The field of imaging has changed dramatically over the past few years and molecular imaging has increasingly become more prominent. Nuclear medicine makes molecular processes in the body visible to detect disease processes early and enable a targeted treatment. Examination techniques such as positron emission tomography (PET) or single-photon emission computer tomography (SPECT) cover this area. These methods are also able to illustrate tumor metabolism, that being a tumor’s response to a specific treatment, much sooner than an MRI or CT.
Both of these nuclear medicine imaging techniques focus on showing the function of individual organs by illustrating their metabolism. To do this, so-called radiopharmaceuticals that bind to specific antibodies, protein compounds, or sugar molecules are being introduced into the body.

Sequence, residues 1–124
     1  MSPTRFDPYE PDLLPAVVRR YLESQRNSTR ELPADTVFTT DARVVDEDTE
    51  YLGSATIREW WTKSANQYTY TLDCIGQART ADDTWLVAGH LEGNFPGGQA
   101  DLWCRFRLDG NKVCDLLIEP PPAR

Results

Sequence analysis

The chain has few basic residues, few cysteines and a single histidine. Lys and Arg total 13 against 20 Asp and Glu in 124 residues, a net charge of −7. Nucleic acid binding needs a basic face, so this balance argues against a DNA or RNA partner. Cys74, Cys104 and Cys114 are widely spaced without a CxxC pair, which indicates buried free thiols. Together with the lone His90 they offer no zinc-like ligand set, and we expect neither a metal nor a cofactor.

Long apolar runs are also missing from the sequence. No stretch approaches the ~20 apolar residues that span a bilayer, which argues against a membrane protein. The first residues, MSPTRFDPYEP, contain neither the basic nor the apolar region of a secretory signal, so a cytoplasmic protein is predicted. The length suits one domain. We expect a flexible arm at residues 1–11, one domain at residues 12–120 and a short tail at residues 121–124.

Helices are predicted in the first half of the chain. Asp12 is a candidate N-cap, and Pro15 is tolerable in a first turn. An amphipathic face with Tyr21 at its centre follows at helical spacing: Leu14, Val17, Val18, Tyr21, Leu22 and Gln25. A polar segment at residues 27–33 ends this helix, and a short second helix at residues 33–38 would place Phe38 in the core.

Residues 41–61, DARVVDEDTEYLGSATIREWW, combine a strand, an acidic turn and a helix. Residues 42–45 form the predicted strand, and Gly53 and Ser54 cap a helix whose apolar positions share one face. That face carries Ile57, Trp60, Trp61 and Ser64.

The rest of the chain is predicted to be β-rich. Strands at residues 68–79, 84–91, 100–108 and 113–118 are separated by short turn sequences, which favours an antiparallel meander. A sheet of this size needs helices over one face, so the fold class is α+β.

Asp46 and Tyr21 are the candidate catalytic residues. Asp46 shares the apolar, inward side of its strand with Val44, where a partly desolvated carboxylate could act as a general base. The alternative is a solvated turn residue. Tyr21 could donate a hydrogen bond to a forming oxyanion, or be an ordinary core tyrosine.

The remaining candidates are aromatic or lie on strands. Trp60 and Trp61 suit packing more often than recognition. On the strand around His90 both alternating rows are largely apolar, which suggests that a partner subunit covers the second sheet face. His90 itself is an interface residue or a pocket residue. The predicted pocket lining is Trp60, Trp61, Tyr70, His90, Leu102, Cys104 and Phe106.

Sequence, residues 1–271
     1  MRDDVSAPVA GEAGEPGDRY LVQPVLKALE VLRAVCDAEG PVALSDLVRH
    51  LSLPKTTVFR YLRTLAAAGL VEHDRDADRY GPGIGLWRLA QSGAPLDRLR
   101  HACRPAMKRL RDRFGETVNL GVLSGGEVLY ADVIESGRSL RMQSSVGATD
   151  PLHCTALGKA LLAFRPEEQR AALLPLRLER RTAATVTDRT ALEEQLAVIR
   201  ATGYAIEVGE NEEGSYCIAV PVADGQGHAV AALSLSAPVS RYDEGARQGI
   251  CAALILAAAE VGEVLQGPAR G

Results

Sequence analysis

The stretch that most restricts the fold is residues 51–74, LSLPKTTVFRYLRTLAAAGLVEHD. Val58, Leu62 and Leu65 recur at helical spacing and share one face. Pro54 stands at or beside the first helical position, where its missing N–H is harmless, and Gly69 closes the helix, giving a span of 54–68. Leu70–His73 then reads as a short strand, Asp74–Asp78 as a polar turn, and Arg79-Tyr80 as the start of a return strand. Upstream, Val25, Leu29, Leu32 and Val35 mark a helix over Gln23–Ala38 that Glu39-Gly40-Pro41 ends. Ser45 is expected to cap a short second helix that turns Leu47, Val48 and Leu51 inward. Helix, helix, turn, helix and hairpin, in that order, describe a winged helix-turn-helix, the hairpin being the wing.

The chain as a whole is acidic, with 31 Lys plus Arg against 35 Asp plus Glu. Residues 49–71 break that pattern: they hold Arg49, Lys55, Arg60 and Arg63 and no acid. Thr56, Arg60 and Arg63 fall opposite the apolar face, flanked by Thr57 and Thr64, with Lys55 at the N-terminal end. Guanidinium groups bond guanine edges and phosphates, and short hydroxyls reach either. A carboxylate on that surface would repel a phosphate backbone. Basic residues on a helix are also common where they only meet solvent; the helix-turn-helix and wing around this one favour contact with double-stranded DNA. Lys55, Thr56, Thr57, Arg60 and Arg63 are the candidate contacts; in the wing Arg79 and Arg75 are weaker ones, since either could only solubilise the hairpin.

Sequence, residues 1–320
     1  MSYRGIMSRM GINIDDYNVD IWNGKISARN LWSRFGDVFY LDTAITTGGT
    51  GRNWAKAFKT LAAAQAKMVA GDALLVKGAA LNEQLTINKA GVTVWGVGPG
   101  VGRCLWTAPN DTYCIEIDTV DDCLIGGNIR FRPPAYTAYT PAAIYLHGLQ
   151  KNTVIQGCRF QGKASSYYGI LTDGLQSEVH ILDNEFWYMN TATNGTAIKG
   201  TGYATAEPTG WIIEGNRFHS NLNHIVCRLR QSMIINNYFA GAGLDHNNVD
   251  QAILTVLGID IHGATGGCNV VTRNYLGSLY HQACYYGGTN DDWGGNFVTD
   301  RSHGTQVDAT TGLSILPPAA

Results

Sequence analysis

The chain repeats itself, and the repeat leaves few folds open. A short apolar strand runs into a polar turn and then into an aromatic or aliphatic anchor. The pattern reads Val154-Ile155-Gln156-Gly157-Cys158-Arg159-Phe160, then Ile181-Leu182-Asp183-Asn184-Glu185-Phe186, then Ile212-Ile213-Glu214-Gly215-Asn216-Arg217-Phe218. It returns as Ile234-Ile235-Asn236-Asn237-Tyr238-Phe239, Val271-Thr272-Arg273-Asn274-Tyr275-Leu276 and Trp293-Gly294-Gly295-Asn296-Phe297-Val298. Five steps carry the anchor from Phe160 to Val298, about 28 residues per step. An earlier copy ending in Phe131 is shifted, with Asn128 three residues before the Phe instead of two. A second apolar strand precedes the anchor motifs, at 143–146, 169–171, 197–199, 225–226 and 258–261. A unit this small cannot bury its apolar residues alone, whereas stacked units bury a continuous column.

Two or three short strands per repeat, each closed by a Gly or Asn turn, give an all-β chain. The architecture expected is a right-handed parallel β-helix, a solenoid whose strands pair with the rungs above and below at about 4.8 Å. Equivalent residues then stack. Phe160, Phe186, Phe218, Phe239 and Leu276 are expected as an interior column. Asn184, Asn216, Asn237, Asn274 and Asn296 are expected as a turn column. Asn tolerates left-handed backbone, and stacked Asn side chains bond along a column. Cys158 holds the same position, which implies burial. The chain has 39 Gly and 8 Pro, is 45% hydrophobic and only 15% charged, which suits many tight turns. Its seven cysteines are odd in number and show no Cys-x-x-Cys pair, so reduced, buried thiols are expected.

"Radiopharmaceuticals have two components," explains Professor Torsten Kuwert, Director of the Erlangen University Hospital Department of Nuclear Medicine. "The first one is a radioactive isotope and the other another molecule that is attached to the radioactive isotope. It connects to target structures that are expressed in tumors, for example."
A typical example of a radiopharmaceutical for diagnostic use is fluorine-18-deoxyglucose. Fluorine-18 is a radioactive fluorine isotope that decays by positron emission. This irradiation can be detected by positron emission tomography and its distribution in the tissue illustrated. The second molecule part – deoxyglucose – is sugar. The radiopharmaceutical is absorbed by the cells by this sugar content which exhibits an elevated glucose concentration. Certain types of cancers have an increased glucose metabolism. Conglomerations of malignant tumors can be detected with this.